Latin America: Brazil: in D-7 of the presidential election, a victory for Lula in the 1st round is possible

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SentSeptember 26, 2022 at 02:16

Latin AmericaBrazil: a possible victory for Lula in the 1st round, 7 days before the presidential election

Brazil enters the crux of an extremely polarized campaign that is epitomized in a brutal duel between Jair Bolsonaro and Lula that seems unlikely to be picked in the first round.

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Lula is in Rio on September 25, 2022.

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If 11 candidates line up at the start, the struggle between former left-wing president Luiz Inacio Lula da Silva (47% of voting intentions according to the latest Datafolha poll) and far-right president Jair Bolsonaro (33%), beware.

“We need to talk to the undecided and those who are considering not voting,” Lula said at a rally in front of thousands of supporters at the Portela samba school in Rio on Sunday.

It is consistent that opinion polls have given Lula, who was president and leader of the Labor Party (PT, left) from 2003 to 2010, a third mandate to run the first power in Latin America in months.

“Lula’s government was very good: my kids were able to graduate from college, I was able to buy myself a car. Sandra Chaves, a 60-year-old black man who came to listen to Lula at the Portela samba school on Sunday, told AFP, “I want him back because I want everything to be the way it was before.”

rally to Lula

The former steelworker left power with stratospheric approval ratings (87%) before being disgraced in prison for corruption (2018-2019) and prevented from escaping again. His election at the age of 76 would mark a remarkable comeback. It has a dynamic. “Polls say there is a real possibility for Lula to win in the first round on October 2,” says Fernanda Magnotta, an analyst at FAAP in São Paulo.

Lula could benefit from a “beneficial vote” if “voters for less competitive candidates like Ciro Gomes migrate to him”, explains Lula, about the centre-left candidate, third in the polls ahead of Simone Tebet (center) (7% -correct, 5%) .

The much-talked about “useful vote” became the dominant theme of Lula’s campaign. In recent days, Lula has surfed with a wave of support: former president Fernando Henrique Cardoso (1995-2003) asked Brazilians to vote “for democracy”, with former Environment Minister Marina Silva joining him after a long hiatus.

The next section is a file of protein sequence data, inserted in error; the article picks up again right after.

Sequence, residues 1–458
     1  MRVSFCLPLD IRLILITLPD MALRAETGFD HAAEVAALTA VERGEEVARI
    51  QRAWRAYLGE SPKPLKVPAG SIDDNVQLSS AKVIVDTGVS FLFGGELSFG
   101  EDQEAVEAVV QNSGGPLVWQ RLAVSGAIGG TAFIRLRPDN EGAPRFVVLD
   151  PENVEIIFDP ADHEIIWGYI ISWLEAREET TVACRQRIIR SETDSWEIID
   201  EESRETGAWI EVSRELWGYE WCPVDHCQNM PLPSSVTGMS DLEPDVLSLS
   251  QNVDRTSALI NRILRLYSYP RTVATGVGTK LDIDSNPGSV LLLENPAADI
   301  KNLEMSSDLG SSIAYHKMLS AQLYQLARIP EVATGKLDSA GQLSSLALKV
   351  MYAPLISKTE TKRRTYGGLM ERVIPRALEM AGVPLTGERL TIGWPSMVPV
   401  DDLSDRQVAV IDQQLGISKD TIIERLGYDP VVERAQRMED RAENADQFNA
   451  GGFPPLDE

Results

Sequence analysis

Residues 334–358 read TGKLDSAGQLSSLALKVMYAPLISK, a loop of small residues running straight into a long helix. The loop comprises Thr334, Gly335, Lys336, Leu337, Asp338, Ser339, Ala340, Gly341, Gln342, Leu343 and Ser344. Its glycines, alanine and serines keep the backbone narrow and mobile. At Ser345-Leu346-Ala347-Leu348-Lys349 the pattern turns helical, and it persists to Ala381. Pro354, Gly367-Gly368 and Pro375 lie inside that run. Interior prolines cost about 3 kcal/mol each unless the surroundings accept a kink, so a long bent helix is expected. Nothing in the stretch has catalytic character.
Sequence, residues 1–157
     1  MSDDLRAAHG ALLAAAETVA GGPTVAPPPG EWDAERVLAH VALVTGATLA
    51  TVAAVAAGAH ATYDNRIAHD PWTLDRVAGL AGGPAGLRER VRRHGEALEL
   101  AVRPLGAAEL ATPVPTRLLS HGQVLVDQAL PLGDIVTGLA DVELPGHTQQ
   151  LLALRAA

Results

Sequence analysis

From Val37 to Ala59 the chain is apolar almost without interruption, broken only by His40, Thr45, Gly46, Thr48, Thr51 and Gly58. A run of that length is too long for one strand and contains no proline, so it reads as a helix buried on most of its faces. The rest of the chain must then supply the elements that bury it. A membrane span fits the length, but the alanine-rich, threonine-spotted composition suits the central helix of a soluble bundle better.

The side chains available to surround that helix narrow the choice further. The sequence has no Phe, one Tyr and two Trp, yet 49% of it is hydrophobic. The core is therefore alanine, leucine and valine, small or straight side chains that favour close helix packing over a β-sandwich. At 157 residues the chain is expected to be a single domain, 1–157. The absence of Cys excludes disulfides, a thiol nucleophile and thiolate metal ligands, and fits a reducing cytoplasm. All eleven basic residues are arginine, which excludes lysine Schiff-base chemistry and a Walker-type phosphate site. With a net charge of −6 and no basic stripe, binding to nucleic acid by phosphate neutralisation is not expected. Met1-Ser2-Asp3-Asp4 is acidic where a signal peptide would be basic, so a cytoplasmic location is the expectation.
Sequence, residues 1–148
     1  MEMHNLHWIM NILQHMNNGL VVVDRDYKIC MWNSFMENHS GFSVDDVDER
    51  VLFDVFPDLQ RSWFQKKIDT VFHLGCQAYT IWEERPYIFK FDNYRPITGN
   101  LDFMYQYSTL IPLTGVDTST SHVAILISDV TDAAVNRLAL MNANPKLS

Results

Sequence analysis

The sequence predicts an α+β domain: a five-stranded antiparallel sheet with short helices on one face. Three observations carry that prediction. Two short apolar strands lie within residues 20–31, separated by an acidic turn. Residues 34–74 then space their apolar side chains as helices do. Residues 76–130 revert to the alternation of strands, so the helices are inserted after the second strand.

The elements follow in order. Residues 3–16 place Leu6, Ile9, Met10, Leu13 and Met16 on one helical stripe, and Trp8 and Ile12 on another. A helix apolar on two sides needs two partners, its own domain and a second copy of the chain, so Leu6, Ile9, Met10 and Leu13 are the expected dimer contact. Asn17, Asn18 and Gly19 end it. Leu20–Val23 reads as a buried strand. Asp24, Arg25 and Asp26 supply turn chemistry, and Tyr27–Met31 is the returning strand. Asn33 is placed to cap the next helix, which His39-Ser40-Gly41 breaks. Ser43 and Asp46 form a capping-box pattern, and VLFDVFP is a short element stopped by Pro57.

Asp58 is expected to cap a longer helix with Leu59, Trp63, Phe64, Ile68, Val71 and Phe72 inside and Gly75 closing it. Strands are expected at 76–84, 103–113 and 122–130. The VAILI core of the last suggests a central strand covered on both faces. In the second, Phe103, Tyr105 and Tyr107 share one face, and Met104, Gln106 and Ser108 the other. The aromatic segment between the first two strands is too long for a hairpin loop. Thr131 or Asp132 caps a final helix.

Left-wing politicians and intellectuals in Latin America called for Ciro Gomes to resign to facilitate Lula’s victory. But on Friday, Jair Bolsonaro, 67, of the Liberal Party (PL), said at a meeting in Minas Gerais (southeast): “1. We will win in the round”.

“Election Fraud”

“Hopefully we will win in the first round,” he repeated live on social media on Sunday. “The other side is not bringing people on the street together, how will they win in the first round? It seems difficult to me… no: impossible. Just stop,” added the outgoing president.

On Telegram, Bolsonarist networks are campaigning to explain that if their champion is not elected on October 2, it will be because the election is rigged.

The fear that the attack on the Capitol will be shot again in Brazil is on everyone’s mind. “It could be dangerous,” says Ms. Magnotta.

Because the former commander of the army can count on ready-made battalions of supporters. He has several times viciously attacked the institutions of young Brazilian democracy, such as the Supreme Court, and has waged a vigorous campaign against electronic ballot boxes that, in his view, would encourage “fraud”.

But suddenly lowering his tone, this unpredictable president also announced that he would retire from politics if he lost. Therefore, it is impossible to predict the sequence of events in the evening of the first round.

“thief”, “clumsy”

Bolsonaro and Lula’s campaign was marked by personal attacks (“thief”, “inadequate”) rather than the delivery of programs. The newspaper “O Globo” urged Lula on Saturday to propose a “coherent economic project” because “if he wins, no one knows how to manage it”.

Candidates crossed huge Brazil and held numerous meetings in bulletproof vests.

In this country that hosts the Amazon, the theme of environment and climate is out of the way, as opposed to hunger, inflation or corruption, which are the concerns of the majority of the 214 million Brazilians.

To create a broad network, Lula sought to seduce the evangelicals, who formed the base of Jair Bolsonaro’s voters, with pro-agribusiness and arms supporters. He also chose to run for Geraldo Alckmin, the very moderate ex-governor of São Paulo from the centre-right, to appease markets that were worried about his election.

For his part, Jair Bolsonaro is unsuccessfully trying to seduce a female electorate, who mostly eludes him for his sexist remarks and, according to polls, drives Lula’s stronghold, Nordeste, without much influence.

Misinformation is on the rise on social networks like never before. It is also widely quoted by the presidential candidates themselves, on television and even last Tuesday on the UN platform by Jair Bolsonaro.

The opening week will see the last of the sworn enemies bring their last forces into battle with large gatherings and on Thursday, the highly anticipated television debates that, unlike Saturday, should have Lula ready.


Source From: Google News

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